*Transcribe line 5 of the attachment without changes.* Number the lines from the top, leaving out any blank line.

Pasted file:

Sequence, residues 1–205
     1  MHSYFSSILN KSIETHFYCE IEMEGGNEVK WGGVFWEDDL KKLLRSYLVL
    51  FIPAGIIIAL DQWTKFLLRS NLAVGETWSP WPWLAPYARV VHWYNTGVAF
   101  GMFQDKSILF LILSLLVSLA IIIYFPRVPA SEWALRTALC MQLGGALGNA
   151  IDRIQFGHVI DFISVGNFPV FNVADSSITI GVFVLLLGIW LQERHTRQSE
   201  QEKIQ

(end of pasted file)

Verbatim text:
   151  IDRIQFGHVI DFISVGNFPV FNVADSSITI GVFVLLLGIW LQERHTRQSE